This week, my husband and I decided to potty train our youngest daughter. And I forgot how crazy-making that is.
Let me begin by admitting that potty training her was a total afterthought, like virtually everything we do with our second child. Understand that although they’ve grown up with the same two parents, our two children have lead very different lives. To illustrate, I read my first kid about 10 books a day from birth. I sang to her during every bath and taught her baby sign language. She spoke super early and loved to show off her “tricks” like pointing to her belly button and making animal sounds on cue. And as with all things concerning our first kid, we put a lot of forethought and planning into potty training, carefully researching the various methods and blocking off a week of time to tackle it.
In contrast, our second child is lucky if she gets two stories in a day (it’s pretty much always just the one at bedtime) and she only knows the sign for “more,” which I’m pretty sure her sister taught her. I rarely sing anymore ’cause I spend bath time trying to keep them from drowning one another. And she doesn’t talk much. I feel guilty about this, of course, but her pediatrician assures me that she’s doing fine. During the day, I’m too busy to do all that much worrying about it, but when my head hits the pillow at night, I often think, “Poor kid. Are we doing enough?” (The upside of all this benign neglect is that unlike our eldest, our little one can entertain herself for hours on end, putting her “babies” to sleep, making delicious meals from scratch in her toy kitchen, building towers of blocks and gleefully knocking them over. She’s pretty independent.)
Anyway, back to potty training: About a week ago, the kid developed an awful diaper rash that blistered almost immediately and then morphed into big white patches that didn’t rub off. I wondered if these might be a sign of thrush (a call to a nurse confirmed this) so off to the pharmacy I went. Apart from some over-the-counter anti-fungal cream, the only thing to do was let her butt fly free for a couple days. And we thought, “well, since she’s naked already, might as well … ” There was no planning involved. We just shrugged and said, “let’s try it.” Cool, you may be thinking, they’re being so laid-back about it this time. Let me assure you, nothing could be further from the truth. I’m a nervous wreck.
In my experience, potty training is the ultimate exercise in finding the elusive balance between being super attentive/hyperaware of your kid (is that a poo face?! Why is she squatting right now?!) and letting go of control and trusting them enough to follow their body’s signs on their own (‘OK sweetie, you just tell me when you feel like you have to go’), which is totally easier said than done, at least for yours truly. And then, there’s the hardest part: sending her off to daycare and praying to God that she can make it to the potty in the midst of a bunch of other toddlers. Not to mention the emotional roller-coaster of the end-of-day pickup. (Will today bring the swelling pride when she’s still in the same clothes we sent her off in at the end of the day, or the crushing defeat of finding three pairs of soiled pants wrapped up in a plastic bag waiting for me in her cubby?) It’s exhausting.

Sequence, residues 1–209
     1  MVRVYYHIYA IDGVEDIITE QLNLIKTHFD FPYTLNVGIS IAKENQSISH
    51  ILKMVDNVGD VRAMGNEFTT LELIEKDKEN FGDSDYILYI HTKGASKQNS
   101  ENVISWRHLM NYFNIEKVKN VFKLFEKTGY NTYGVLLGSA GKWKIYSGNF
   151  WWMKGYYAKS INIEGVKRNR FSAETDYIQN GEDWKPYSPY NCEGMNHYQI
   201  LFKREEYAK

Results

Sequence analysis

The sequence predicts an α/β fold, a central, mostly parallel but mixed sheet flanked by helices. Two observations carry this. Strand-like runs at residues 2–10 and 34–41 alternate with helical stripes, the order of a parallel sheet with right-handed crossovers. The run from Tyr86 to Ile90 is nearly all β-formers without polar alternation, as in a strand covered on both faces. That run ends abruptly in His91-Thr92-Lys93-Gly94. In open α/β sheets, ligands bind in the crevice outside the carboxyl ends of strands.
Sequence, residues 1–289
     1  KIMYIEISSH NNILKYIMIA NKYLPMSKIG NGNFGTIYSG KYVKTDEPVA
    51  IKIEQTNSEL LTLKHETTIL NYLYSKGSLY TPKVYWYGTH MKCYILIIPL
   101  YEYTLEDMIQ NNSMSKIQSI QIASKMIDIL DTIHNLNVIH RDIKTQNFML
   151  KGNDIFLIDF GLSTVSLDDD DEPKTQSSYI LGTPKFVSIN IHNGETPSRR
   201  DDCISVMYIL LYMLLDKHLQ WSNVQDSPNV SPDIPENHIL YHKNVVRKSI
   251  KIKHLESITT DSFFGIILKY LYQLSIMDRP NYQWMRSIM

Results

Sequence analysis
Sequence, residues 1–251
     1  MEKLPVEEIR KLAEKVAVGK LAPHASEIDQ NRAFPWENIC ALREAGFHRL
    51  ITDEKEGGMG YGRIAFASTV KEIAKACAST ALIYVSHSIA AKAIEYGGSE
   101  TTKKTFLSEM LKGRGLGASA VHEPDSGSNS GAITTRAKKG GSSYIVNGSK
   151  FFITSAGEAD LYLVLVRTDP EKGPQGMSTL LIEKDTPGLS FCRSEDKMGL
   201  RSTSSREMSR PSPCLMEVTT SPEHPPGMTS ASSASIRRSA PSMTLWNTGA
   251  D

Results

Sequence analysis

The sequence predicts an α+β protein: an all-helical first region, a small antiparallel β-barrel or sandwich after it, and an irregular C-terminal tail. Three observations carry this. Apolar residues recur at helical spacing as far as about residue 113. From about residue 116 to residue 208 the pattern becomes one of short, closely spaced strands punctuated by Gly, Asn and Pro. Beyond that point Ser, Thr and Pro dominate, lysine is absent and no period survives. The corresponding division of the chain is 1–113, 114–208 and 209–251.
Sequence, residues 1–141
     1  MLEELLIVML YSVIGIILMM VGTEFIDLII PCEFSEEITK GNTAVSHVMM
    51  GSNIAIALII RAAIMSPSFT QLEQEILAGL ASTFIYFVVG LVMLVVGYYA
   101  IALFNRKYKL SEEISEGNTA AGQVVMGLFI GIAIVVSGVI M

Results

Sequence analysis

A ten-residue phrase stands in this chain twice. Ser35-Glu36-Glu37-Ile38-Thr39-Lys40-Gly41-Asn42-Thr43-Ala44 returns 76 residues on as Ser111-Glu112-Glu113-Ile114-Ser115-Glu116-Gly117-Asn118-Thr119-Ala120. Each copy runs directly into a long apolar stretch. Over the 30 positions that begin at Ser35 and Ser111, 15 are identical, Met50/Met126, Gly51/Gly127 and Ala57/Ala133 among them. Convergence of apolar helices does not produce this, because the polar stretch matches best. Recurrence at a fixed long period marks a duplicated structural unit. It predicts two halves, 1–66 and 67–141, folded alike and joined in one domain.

I worry that she will never figure out how to get her pants down fast enough on her own (pro-tip: we now say “PUSH your pants down” instead of “PULL your pants down” as the toddler mind seems to be able to process that better); I worry that she’ll have one too many accidents at daycare and they’ll give up and just put a diaper on her; I worry that she doesn’t talk well enough to explain she has to go NOW.
And yet, despite all my guilt and anxiety and worry, she is doing it. Potty training is happening. She is learning. It’s not perfect, but she’s getting there.
I always thought that parenting would be easier the second time around. And in a way, it is. When I had my second, I didn’t think twice about how to burp her or introduce solids, and I didn’t hover over her at night to make sure she was still breathing. But regardless of birth order, I will probably always worry about my kids and wonder if I’m doing right by them. It’s just a part of this whole raising tiny humans thing. Our two girls are very different people who were raised pretty differently, but guess what? They both learned to drink from a cup. They both learned to say ‘please’ and ‘thank you’ (albeit with some frequent prompting), and they both have taken that big step away from babyhood and toward independence by saying goodbye to diapers and hello to the big-kid toilet. In their own way, and at their own pace. I just need to breathe, step back a little and let them show me what they can do.
Now, if I could only train my husband to put the seat down …